It had been a successful little company, building up a good reputation for service in its local marketplace for supplying and fitting heating and insulation into local homes, before then successfully moving into solar, firstly thermal for heating and then PV for electricity.
So successful in fact that it was bought out for c£4m about five years ago by a man with an ambitious expansion plan which involved moving on from doing local domestic work, to become a regional player.
The way to do this was to double the area to be covered geographically, while seeking a volume of work from main contractors rather than relying on direct sales to consumers.
Or in other words:
- increasing the cost base and inefficiencies arising from distances to be covered,
- while moving from customers at full retail price who paid as the work was completed (and letting all the consumer sales activity and effort wither on the vine),
- to working as a main contractor’s sub-contractor, at the rates a main contractor would negotiate, as well as the credit terms they would impose.
Surprisingly this strategy was not a complete success, particularly once the business found itself heavily reliant on a single main contractor for about 2/3rds of its work.
As a result it was sold to new owners with almost £2.5m of Goodwill being written off in the process, who then themselves exited after about 6 months in the face of continued losses; at which point the new, new owners brought us in to manage the turnaround.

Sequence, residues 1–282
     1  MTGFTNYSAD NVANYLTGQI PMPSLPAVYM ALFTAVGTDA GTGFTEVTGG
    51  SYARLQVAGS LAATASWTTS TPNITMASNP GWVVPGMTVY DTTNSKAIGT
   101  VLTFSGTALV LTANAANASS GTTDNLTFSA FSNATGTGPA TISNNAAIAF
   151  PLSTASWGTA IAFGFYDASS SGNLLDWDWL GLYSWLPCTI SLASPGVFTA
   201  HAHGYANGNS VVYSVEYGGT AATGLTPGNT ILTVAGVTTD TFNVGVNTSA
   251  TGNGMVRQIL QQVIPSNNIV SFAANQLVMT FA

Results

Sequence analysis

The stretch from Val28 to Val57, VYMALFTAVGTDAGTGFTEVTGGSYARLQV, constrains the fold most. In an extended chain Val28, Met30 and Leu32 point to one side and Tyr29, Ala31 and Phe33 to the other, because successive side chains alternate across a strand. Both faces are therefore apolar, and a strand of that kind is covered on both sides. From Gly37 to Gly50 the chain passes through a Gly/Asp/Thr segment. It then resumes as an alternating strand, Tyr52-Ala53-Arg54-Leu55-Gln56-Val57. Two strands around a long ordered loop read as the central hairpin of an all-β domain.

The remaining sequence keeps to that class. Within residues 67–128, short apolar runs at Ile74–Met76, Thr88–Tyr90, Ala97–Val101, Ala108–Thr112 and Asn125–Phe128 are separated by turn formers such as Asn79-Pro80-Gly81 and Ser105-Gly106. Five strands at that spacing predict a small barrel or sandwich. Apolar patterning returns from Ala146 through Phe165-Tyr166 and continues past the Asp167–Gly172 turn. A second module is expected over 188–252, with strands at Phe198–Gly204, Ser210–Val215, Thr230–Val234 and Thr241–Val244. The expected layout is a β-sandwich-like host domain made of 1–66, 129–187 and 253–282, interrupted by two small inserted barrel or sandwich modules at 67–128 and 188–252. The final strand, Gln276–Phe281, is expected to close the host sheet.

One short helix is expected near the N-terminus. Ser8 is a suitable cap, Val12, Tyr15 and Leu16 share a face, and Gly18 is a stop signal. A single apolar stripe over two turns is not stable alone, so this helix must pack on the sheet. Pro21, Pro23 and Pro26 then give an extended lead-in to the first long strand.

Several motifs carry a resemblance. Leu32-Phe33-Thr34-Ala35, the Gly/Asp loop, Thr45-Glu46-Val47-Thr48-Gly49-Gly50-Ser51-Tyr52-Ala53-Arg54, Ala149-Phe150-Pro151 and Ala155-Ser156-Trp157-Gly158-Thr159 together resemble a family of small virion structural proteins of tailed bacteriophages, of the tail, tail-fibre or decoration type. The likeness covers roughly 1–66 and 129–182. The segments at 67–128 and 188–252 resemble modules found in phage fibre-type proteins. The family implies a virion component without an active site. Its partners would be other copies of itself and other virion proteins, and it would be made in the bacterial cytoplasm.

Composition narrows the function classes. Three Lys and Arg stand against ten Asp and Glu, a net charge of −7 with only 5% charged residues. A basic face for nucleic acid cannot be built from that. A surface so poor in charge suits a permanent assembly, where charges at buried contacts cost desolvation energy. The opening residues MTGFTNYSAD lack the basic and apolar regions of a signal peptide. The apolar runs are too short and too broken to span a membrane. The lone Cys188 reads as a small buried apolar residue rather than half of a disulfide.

Because underneath it all, once the old MD and FC had been removed, and despite the poor current trading performance and severely distressed balance sheet, there was a good little business waiting to get out, and a frustrated operational management team keen to get on with taking the business in the right direction.
So while the corporate shell is likely to need to go through a process, and cash is having to be managed tightly while a refinancing is arranged, the operational turnaround plan is in essence very simple:
- Retrench back to a core area that is sensible to service,
- Renegotiate prices on contract work where it makes sense to continue to do it in the short / medium term, and exit it where it doesn’t,
- Go back to doing what we used to do to sell services at retail margin.
Or as we would put it, doing the right things, for the right people at the right price.
The result? A turnaround plan that is on course to return the business to profitable trading in the second month, which will then give the justification for the proposed balance sheet restructuring.
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